11th International Conference on Crystallization of BioMacromolecules (ICCBM11)

Venue: Palasis-Prince building

Location: Quebec City, Quebec, Canada

Event Date/Time: Aug 15, 2006 End Date/Time: Aug 21, 2006
Registration Date: Aug 16, 2006
Early Registration Date: May 01, 2006
Abstract Submission Date: Jun 15, 2006
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ICCBM11 central scientific scopes:
Physics of the crystals, the crystallization process, and the physical chemistry of the mother liquors,
New ideas, approaches, reagents, and procedures for crystallizing proteins,
Unique areas of current interest or emerging challenges such as robotics, membrane protein crystallization, two dimensional crystals, microgravity, etc.,
The handling, manipulation, and modification of crystals to get them bigger or to yield improved data,
Important crystallization contributing to medical science and drug targets.
Preliminary Scientific Sessions
Physical-Chemistry Aspects
Obtaining first crystals via rational methods;
Physical chemistry and phase diagram in macromolecule crystallogenesis;
Complex crystal formation---structures---protein function.
New ideas and approaches
PCG for structural genomics : High-throughput methods for crystallization (Automation, Screening and Robotics);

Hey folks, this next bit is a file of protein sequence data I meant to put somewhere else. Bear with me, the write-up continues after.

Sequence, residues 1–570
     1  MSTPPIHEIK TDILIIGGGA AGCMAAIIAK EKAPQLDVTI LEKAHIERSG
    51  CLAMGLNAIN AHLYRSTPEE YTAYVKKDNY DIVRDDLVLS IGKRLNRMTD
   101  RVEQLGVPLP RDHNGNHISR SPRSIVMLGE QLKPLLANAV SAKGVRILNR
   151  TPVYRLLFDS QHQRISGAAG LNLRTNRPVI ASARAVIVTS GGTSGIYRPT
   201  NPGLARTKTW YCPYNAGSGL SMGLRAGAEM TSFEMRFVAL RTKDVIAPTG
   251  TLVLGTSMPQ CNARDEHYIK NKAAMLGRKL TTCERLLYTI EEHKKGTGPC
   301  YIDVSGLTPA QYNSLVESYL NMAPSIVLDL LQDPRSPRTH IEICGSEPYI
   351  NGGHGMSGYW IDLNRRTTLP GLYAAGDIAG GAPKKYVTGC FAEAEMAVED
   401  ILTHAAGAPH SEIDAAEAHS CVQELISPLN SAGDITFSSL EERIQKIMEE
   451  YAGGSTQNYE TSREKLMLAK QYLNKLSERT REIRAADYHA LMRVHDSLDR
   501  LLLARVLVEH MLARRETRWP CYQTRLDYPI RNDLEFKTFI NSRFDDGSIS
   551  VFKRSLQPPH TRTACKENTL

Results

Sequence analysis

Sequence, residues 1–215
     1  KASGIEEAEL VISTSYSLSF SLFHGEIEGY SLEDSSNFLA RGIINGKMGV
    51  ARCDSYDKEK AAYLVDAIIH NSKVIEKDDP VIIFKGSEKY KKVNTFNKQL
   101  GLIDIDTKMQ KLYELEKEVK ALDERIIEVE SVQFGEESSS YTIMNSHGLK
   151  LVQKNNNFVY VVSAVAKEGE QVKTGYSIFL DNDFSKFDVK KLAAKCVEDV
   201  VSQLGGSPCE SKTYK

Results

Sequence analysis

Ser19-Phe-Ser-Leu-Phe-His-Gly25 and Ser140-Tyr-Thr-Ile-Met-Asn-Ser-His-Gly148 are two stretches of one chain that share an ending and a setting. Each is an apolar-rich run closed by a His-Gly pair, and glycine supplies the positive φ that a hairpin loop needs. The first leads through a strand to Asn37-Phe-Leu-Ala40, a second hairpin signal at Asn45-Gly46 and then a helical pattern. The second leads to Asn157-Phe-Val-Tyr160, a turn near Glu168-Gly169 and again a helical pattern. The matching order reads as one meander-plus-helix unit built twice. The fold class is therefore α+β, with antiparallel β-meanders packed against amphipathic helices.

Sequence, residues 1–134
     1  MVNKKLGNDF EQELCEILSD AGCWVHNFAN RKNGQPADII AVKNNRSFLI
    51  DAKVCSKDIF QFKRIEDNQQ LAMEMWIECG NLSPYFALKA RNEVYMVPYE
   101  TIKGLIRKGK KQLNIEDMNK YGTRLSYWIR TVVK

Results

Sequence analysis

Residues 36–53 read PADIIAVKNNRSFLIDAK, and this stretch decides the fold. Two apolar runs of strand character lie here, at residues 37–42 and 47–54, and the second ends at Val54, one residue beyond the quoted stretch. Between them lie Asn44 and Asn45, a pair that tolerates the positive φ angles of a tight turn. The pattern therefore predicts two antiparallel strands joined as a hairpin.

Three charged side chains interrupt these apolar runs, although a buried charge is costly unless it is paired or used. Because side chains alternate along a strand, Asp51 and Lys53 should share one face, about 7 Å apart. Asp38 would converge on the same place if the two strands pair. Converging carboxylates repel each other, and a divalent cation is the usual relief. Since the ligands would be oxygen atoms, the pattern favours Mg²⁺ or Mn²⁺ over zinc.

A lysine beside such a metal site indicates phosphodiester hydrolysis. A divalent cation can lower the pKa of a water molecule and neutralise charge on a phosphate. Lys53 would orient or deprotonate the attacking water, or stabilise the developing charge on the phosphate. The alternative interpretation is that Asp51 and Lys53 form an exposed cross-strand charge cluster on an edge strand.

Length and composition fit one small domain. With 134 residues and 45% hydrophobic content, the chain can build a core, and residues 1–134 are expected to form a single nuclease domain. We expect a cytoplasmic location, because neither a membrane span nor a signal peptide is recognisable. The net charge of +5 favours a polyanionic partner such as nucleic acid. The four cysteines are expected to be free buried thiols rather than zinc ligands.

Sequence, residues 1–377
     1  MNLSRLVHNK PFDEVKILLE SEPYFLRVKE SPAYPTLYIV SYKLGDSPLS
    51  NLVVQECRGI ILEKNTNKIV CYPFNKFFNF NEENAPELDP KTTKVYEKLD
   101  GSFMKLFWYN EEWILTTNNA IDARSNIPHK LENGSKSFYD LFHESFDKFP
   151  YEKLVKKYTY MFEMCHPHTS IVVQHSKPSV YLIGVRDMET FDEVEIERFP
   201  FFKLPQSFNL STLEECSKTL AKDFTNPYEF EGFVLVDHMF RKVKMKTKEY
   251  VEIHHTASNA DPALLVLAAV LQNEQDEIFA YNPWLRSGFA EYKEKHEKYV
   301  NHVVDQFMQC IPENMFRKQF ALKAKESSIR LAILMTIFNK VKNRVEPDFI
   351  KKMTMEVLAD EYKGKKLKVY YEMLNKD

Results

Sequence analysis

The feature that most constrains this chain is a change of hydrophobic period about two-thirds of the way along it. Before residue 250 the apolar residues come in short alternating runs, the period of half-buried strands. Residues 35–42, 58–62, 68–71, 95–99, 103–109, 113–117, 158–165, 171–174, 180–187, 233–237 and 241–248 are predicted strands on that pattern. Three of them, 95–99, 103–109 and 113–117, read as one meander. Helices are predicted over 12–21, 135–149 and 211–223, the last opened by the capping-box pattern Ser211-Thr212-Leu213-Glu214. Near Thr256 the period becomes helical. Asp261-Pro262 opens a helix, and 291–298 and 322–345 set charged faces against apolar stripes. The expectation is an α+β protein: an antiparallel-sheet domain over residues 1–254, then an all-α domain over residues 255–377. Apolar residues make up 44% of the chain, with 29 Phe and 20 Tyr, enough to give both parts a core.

Advanced methodology: Microminiaturized methods for crystallization;
Establishing a prominent crystallization database;
Macromolecule alteration for improving crystallizability.
Unique areas
New methods in the crystallization of membrane proteins, nucleic acids large macromolecule complexes (eg: protein-nucleic acid and receptors);
2-D crystals;
Rapid and large-scale protein expression and purification;
Growing large crystals for modern neutron methods.
Making full use of crystals
Heavy-atom derivative preparation;
Crystal improvements and handling; (including treatment for cryo-cooling And with Control of humidity);
Data collection and quality control.
Important crystallization contributing to medical science and drug targets
Crystallization of drug target for treating human diseases;
Inhibition of “in vivo” crystallization for treating pathologies.


Laval University
Quebec City